(5) Defendants complain of the trial court's refusal of defendants' proffered Instruction B, which would have the jury that no finding could be for plaintiff on the ground that the driver of the tractor negligently failed to keep a lookout for the standing baggage wagon; of defendants' proffered Instruction C which would have advised the jury that under the law "the mere fact" that one of the baggage wagons being pulled by the tractor struck the standing baggage wagon does not, standing alone, warrant a finding in plaintiff's favor, "for the reason that the fact standing alone does not prove negligence on the part of anyone"; of the proffered Instruction D which would have instructed the jury there could be no finding for plaintiff if it were found that one of the wagons being pulled by the tractor failed to move in a straight line because it was defective, unless defendant Express Agency had actual or constructive knowledge of the defect; of the proffered Instruction F advising the jury that no verdict for plaintiff could be rendered on the ground that any one of the wagons involved was defective in any way even though it may have failed to move in a straight line; and of the proffered Instruction G which would have advised the jury that the law would not permit a finding in plaintiff's favor on any ground which is directly contradictory to his own evidence, and that, therefore, the law prohibited a finding for plaintiff on the ground that the platform was dangerous in any way, or that there was not sufficient room for the driver of the *744 tractor to pass the standing wagon with safety. These instructions or some of them were cautionary in nature or withdrawals of issues, and we see no abuse of the trial court's discretion in refusing to give them. It seems to us that the giving of all or one or some of them would have had a tendency to confuse the jury. And it may be that the giving of some of them in this case would have been error, but we shall not pause to examine them from the latter standpoint. Instructions are to advise the jurors upon the factual issues submitted to them, not to advise the jury upon matters that are not in issue. And we have also said that "mere fact" instructions are unnecessary; moreover, they may tend to confuse the jury by leading the jurors to believe they may not take into consideration some circumstance which, although in itself insufficient to sustain or refute an issue, is, nevertheless, to be properly taken into consideration by the jury together with other circumstances of a given case in deciding the issue. Rittershouse v. City of Springfield, Mo.Sup., 319 S.W.2d 518; Stumpf v. Panhandle Eastern Pipeline Co., 354 Mo. 208, 189 S.W.2d 223. We hold the trial court neither erred nor abused its discretion in refusing these instructions.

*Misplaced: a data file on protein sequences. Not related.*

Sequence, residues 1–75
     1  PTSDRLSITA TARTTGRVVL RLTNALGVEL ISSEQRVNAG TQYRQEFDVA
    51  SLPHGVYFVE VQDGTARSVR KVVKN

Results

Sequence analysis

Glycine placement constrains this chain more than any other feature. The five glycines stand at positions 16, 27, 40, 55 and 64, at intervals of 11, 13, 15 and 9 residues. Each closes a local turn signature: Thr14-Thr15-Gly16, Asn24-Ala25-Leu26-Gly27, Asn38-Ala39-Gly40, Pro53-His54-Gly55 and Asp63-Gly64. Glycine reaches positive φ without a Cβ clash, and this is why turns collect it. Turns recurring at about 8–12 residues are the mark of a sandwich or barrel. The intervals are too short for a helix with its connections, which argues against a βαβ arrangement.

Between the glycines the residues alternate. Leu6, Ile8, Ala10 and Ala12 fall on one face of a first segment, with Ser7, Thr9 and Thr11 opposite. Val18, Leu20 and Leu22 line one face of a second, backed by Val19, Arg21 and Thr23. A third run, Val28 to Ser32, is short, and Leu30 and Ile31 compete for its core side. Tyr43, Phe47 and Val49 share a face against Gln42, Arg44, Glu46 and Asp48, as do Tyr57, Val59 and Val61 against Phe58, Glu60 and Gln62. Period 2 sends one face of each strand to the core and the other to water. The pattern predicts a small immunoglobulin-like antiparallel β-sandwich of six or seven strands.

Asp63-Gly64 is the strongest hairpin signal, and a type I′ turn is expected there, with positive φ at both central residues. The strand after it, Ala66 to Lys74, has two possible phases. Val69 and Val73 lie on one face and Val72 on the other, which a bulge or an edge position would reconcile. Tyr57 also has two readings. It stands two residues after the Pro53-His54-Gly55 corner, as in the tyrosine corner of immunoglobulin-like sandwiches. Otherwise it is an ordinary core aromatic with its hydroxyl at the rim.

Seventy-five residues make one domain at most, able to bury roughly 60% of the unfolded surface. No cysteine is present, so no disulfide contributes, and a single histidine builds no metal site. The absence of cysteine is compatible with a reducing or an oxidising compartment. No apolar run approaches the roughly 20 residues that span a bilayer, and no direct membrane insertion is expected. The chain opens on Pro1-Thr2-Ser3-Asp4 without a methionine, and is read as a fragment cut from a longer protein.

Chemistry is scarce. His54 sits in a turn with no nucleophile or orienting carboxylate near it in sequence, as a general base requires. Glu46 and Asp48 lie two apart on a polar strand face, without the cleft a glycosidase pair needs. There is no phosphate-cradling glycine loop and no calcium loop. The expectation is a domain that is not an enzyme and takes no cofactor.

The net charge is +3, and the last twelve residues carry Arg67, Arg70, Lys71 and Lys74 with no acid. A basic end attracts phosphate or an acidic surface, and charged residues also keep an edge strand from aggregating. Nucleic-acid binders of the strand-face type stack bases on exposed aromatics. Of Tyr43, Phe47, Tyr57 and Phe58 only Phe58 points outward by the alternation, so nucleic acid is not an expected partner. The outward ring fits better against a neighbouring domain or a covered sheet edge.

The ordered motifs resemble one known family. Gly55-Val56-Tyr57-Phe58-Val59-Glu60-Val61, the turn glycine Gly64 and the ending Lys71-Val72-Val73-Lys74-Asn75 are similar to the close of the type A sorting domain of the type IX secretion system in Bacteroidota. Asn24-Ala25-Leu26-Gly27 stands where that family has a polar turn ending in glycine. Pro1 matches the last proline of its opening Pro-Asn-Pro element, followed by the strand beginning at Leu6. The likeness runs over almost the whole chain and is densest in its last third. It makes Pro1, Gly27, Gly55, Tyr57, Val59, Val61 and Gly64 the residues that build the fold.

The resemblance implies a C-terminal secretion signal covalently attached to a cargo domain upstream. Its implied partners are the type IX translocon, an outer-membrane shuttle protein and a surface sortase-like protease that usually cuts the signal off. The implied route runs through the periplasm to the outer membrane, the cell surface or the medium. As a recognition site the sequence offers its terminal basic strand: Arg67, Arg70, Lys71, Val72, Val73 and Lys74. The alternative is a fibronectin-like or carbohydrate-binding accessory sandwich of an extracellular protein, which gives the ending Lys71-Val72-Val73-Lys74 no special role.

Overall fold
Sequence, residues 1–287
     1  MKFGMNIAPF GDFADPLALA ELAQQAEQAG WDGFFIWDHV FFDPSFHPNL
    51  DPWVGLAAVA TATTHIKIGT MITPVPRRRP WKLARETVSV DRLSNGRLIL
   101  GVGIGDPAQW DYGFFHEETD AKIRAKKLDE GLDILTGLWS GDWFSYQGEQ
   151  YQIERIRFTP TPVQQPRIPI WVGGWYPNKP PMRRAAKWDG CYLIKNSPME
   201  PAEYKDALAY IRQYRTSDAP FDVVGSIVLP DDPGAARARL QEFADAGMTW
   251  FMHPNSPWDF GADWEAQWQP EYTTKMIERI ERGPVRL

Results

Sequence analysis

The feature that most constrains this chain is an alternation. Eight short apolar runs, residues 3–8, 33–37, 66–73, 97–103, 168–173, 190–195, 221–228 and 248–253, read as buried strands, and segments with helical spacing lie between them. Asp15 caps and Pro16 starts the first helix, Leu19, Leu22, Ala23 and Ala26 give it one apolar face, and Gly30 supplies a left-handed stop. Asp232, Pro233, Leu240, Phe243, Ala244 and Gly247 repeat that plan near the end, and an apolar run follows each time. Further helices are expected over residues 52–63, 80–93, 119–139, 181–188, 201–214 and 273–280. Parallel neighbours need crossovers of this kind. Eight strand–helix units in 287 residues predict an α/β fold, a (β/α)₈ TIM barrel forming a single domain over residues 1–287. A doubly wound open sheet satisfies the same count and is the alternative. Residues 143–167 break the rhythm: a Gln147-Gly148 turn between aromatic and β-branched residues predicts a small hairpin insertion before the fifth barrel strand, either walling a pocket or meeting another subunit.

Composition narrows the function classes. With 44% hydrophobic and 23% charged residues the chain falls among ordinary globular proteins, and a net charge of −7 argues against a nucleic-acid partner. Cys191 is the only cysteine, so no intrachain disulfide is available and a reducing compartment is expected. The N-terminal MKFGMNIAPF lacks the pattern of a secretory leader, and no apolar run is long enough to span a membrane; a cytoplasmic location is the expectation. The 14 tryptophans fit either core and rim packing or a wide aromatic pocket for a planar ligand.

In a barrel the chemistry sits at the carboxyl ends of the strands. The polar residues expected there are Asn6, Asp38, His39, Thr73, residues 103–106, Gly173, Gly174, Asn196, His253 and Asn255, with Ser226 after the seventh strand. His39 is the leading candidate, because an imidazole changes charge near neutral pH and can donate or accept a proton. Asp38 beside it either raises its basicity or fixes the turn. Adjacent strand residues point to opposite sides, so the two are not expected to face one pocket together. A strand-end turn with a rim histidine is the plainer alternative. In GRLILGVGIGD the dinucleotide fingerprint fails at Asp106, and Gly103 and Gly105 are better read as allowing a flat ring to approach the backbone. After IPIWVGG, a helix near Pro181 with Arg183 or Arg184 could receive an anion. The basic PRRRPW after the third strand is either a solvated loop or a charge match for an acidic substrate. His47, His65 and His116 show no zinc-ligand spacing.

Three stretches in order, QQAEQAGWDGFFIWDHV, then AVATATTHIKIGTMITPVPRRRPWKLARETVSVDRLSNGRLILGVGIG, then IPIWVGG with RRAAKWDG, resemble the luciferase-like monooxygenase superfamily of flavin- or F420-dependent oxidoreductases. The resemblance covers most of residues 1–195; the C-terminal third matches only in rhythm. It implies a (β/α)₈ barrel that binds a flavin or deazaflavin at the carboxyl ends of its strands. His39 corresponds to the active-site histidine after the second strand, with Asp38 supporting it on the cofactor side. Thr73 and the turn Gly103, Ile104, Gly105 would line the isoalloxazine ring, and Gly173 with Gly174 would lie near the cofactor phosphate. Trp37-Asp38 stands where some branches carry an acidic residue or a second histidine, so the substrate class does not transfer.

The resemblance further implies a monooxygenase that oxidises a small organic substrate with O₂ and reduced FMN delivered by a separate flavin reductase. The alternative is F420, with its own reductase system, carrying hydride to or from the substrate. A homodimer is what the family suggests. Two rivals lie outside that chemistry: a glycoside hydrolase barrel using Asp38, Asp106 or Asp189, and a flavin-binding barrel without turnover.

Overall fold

(6) In argument plaintiff's counsel alluded to written reports of what plaintiff had said on the day he was injured, which reports had been referred to by another witness in the course of the trial. Plaintiff's counsel said, "Is there any doubt in anybody's mind" if what plaintiff said in such reports on the day he was injured didn't correspond exactly "with what he said here in Court; if they didn't those reports would be here." Plaintiff's counsel also referred to the testimony that one of the wagons of the wagon train was "out of line a fraction." Defendants say there was no evidence that this very wagon collided with the wagon near which plaintiff was standing or that the driver of the tractor knew or should have known it was out of line. It is urged that, absent proof of negligence in this respect, the argument was not warranted by the record, and was erroneous. However, plaintiff's counsel withdrew that portion of the argument, and the trial court also sustained defendants' objection to it. Defendants also complain of the reference by plaintiff's counsel of the fact that the driver of the tractor was not produced as a witness by defendants. Counsel for defendants objected on the ground that the driver's deposition was "on file," and that plaintiff's counsel could have used it. It is noted that defendants' counsel did not object on the ground that the witness was as equally available to plaintiff as to defendants. Plaintiff's counsel also said to the jury, "Is Leonard Beard an old shoe that they (defendants) can take him and use him and when he is not good, can't work, just throw him away? Is he a dog that you run down the street and run over him and say I am sorry?" The language of this last-quoted excerpt from argument we know was unworthy of counsel and seems to have been designed to incite the thought that plaintiff was being treated inhumanly by defendants; but upon defendants' objection the trial court ordered the reference"comparing him to a dog"stricken from the record and the jury was instructed to disregard it, although no ruling was made on defendants' request for a mistrial. Assuredly, if the trial court in the exercise of its discretion had granted defendants a new trial on the assigned ground of the impropriety of this last-quoted matter of argument and notwithstanding the trial court's ruling favorable to defendants on their objection at the time, we should readily affirm. However, the trial court did not declare a mistrial, and we somewhat defer to the trial court's view of the extent of the prejudicial effect of the argument; moreover, in their alternative after-trial motion defendants did not point out this or any of the other portions or matters of argument of which they complain here. In their alternative motion defendants assigned that during the course of arguments of plaintiff's counsel the trial court erred in refusing to rebuke counsel and declare a mistrial, when there were *745 objections made and requests for a mistrial "because of the character of the arguments hereinafter set out: (Pages 265 to 295 of this transcript)." The pages so parenthetically stated in the after-trial motion comprise the transcription of the entire arguments of counsel for both of the parties, plaintiff and defendants. We think this amounts to no assignment at all (Section 512.160 RSMo 1949, V.A.M.S.), in the sense of presenting for express decision any assigned error in argument. Although an allegation of error may be general in a motion for a new trial where definite objections or requests, with specific statements of ground therefor, were made during the trial (Supreme Court Rule, 3.23, 42 V.A.M.S. 30), surely an allegation of error in a motion for a new trial pertaining to argument should at least direct the trial court's attention to the matters or subjects in argument of which the movant complains, rather than an allegation making reference to the whole of all arguments.